Tales of Old Japan eBook

Algernon Freeman-Mitford, 1st Baron Redesdale
This eBook from the Gutenberg Project consists of approximately 481 pages of information about Tales of Old Japan.
caused by either renal or vesical calculi.  But I have myself thoroughly experienced the utility of an oil I make myself, whereof scorpions form a very large portion of the ingredients.  If only the region of the heart and all the pulses of the body be anointed with it, it will free the patients from the effects of all kinds of poisons taken by the mouth, corrosive ones excepted.”  Decoctions of Egyptian mummies were much commended, and often prescribed with due academical solemnity; and the bones of the human skull, pulverized and administered with oil, were used as a specific in cases of renal calculus. (See Petri Andreae Matthioli Opera, 1574.)

These remarks were made to me by a medical gentleman to whom I mentioned the Chinese doctor’s prescription of scorpion tea, and they seem to me so curious that I insert them for comparison’s sake.


It is a common saying among men, that to forget favours received is the part of a bird or a beast:  an ungrateful man will be ill spoken of by all the world.  And yet even birds and beasts will show gratitude; so that a man who does not requite a favour is worse even than dumb brutes.  Is not this a disgrace?

Once upon a time, in a hut at a place called Namekata, in Hitachi, there lived an old priest famous neither for learning nor wisdom, but bent only on passing his days in prayer and meditation.  He had not even a child to wait upon him, but prepared his food with his own hands.  Night and morning he recited the prayer “Namu Amida Butsu,"[80] intent upon that alone.  Although the fame of his virtue did not reach far, yet his neighbours respected and revered him, and often brought him food and raiment; and when his roof or his walls fell out of repair, they would mend them for him; so for the things of this world he took no thought.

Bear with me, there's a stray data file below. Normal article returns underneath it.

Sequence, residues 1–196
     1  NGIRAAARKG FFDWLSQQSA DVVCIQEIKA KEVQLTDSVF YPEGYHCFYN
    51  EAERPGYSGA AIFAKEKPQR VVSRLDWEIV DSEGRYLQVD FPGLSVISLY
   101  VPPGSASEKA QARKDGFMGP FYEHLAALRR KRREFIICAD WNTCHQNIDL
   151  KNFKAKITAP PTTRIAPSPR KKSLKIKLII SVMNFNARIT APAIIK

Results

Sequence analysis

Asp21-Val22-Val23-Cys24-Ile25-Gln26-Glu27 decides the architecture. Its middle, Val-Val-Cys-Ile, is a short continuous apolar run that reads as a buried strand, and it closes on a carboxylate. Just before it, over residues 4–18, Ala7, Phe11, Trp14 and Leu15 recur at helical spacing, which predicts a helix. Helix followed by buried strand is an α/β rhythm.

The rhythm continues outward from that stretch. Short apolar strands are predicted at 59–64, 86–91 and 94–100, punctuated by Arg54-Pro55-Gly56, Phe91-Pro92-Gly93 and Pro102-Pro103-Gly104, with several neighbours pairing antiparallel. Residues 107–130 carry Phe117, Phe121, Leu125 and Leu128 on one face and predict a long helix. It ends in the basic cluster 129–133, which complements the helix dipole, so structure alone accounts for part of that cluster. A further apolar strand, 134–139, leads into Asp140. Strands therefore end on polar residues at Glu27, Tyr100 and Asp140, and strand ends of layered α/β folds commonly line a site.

[Footnote 80:  A Buddhist prayer, in which something approaching to the sounds of the original Sanscrit has been preserved.  The meaning of the prayer is explained as, “Save us, eternal Buddha!” Many even of the priests who repeat it know it only as a formula, without understanding it.]

One very cold night, when he little thought any one was outside, he heard a voice calling “Your reverence! your reverence!” So he rose and went out to see who it was, and there he beheld an old badger standing.  Any ordinary man would have been greatly alarmed at the apparition; but the priest, being such as he has been described above, showed no sign of fear, but asked the creature its business.  Upon this the badger respectfully bent its knees, and said—­

“Hitherto, sir, my lair has been in the mountains, and of snow or frost I have taken no heed; but now I am growing old, and this severe cold is more than I can bear.  I pray you to let me enter and warm myself at the fire of your cottage, that I may live through this bitter night.”

When the priest heard what a helpless state the beast was reduced to, he was filled with pity, and said—­

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Tales of Old Japan from Project Gutenberg. Public domain.
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